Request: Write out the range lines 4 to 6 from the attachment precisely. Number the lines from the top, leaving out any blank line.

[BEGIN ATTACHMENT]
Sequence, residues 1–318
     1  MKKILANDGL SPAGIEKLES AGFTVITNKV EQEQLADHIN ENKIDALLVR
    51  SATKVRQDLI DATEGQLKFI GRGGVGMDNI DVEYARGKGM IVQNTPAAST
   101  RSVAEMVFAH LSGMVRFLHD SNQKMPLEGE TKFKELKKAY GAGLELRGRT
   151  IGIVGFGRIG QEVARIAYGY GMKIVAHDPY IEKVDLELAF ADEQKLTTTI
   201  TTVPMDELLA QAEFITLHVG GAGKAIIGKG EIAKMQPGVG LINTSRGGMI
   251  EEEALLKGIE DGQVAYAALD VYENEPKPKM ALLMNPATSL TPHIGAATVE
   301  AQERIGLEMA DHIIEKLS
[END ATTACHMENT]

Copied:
   101  RSVAEMVFAH LSGMVRFLHD SNQKMPLEGE TKFKELKKAY GAGLELRGRT
   151  IGIVGFGRIG QEVARIAYGY GMKIVAHDPY IEKVDLELAF ADEQKLTTTI
   201  TTVPMDELLA QAEFITLHVG GAGKAIIGKG EIAKMQPGVG LINTSRGGMI